One look at this mangy old '66 Chevy and you'd say hanging a new grille and bumper on it would be like putting perfume on a pig, and you may be right. In fact, you'd be absolutely right, but as you might be starting to suspect, there's more to the premise of this story than meets the eye. To give you folks a little sneak preview of the January 2008 edition of Custom Classic Trucks running a main headline reading Winter Wonder Plans, we are going to begin with one little ol' story with the very first steps of preparing to take on a new project.
Unlike as portrayed on television gearhead shows, the first step on a new project is not to dive in and start blowing the vehicle apart and trashing everything in sight, leaving a big pile of ruined parts. Nope, the first step is to commit yourself to the idea that you're going to stop trying to get by with patching your truck up and accept that the only way to do it properly is to completely tear the truck down and rebuild it from the ground up. That said, the second step is to carefully disassemble the truck, and before each assembly is removed, mock up any changes that might be included in the project's new plans.
Good examples are the grille, mirrors, and front bumper on the '66. Before we yanked the doors off the Chevy, we needed to decide which mirrors looked best and would actually function as practical items. Not too excited with the prospect of leaving the West Coast-style mirrors hanging off the sides, we looked into our options. Liking the looks of the original equipment mirrors fitted to a '66, our first move was to break out the Brother's catalog and order a set.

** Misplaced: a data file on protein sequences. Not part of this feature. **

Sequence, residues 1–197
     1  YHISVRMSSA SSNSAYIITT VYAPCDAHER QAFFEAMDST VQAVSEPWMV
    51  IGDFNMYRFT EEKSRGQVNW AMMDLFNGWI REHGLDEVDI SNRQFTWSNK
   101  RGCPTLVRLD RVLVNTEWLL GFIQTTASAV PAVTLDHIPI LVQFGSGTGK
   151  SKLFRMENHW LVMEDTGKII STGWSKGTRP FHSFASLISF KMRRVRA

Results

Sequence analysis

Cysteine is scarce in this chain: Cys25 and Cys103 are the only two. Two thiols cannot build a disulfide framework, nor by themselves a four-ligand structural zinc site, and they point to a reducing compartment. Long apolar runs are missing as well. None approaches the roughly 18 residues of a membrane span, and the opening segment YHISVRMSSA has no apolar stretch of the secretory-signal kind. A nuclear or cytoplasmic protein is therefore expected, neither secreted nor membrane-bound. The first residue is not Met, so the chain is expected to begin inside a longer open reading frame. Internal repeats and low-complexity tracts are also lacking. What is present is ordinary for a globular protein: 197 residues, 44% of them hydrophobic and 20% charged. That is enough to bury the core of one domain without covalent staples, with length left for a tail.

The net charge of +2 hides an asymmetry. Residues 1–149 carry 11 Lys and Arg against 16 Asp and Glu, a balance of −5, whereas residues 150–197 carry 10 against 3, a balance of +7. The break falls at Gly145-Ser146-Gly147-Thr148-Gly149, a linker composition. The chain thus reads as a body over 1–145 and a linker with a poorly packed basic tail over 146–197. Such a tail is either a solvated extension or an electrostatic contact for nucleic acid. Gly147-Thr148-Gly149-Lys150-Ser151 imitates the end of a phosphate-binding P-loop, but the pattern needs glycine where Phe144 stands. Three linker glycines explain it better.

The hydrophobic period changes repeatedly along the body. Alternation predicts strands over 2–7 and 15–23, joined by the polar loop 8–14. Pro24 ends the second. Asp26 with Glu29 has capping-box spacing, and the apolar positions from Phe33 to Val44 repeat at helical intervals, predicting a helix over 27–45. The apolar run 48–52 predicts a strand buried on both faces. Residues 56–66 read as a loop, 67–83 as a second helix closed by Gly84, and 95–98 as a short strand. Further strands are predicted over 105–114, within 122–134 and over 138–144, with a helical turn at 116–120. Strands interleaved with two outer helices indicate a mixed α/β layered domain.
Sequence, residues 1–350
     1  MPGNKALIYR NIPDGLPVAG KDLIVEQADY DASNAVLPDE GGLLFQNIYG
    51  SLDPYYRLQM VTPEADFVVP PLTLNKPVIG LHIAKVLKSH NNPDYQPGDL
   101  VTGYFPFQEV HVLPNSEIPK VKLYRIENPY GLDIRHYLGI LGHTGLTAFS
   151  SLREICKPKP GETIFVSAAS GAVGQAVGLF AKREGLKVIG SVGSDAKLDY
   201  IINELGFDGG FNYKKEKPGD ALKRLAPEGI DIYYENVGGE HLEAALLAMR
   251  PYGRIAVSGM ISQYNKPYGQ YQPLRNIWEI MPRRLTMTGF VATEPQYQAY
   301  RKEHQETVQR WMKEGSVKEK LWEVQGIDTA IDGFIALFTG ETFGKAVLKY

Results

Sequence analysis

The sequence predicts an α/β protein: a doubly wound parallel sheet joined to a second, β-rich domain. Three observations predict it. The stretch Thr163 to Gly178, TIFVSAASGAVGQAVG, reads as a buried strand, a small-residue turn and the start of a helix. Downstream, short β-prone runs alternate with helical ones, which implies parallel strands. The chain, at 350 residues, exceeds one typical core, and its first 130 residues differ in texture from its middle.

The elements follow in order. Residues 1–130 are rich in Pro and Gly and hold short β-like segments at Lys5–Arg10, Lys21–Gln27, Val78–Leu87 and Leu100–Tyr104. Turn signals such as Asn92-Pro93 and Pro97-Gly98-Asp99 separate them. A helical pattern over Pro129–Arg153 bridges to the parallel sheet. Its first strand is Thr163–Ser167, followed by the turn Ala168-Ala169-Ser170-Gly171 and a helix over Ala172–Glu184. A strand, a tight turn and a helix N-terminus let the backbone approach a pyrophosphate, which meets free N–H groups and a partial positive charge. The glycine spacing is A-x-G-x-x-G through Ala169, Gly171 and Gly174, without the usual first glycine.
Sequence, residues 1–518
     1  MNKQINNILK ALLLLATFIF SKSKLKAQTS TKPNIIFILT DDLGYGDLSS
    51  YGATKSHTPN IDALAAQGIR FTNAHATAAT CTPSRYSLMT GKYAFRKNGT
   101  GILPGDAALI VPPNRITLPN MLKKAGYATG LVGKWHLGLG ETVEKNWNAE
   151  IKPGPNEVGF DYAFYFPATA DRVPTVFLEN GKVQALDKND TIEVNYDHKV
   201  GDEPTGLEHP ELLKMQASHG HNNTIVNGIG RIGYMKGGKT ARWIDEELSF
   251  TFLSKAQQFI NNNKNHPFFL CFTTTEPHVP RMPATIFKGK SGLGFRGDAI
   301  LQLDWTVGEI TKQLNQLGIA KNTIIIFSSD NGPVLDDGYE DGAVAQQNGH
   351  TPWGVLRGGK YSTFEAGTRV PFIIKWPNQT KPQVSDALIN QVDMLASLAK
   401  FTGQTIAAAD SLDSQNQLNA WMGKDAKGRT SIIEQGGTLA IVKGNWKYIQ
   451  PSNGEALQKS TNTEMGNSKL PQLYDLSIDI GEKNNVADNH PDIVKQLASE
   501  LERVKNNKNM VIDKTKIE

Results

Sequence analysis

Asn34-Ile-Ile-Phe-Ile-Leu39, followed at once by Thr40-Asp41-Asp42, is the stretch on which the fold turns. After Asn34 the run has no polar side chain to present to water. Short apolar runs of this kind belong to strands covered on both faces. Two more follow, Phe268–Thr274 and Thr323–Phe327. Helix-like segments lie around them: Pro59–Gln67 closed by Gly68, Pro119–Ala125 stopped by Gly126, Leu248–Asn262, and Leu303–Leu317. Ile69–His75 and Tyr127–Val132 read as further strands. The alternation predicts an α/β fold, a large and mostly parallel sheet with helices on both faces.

We've learned the hard way in the past that the right time to bolt on new accessories is not after the truck has been repainted. Ditto for the grille and front bumper; we needed to check for fit and alignment before the truck was in new paint. Not only is fit a concern, but typically an old truck always seems to acquire a few extra holes drilled in by the previous owner with some kind of goofball homemade accessory or a couple of "oops" while trying to install something like a hula girl license plate frame or an airplane propeller that spins when the truck picks up wind speed.
Before we tore the '66 apart,...
Before we tore the '66 apart, we looked for any extra holes that wouldn't be needed when the freshly customized version goes back together. Bingo, the front bumper-mounted trailer hitch proved to be a goldmine of extra unnecessary holes.
If there's nothing else a...
If there's nothing else a person should learn about tearing a truck apart, it is to use a ton of Liquid Wrench-type penetrating oil to presoak everything before attempting to unbolt parts.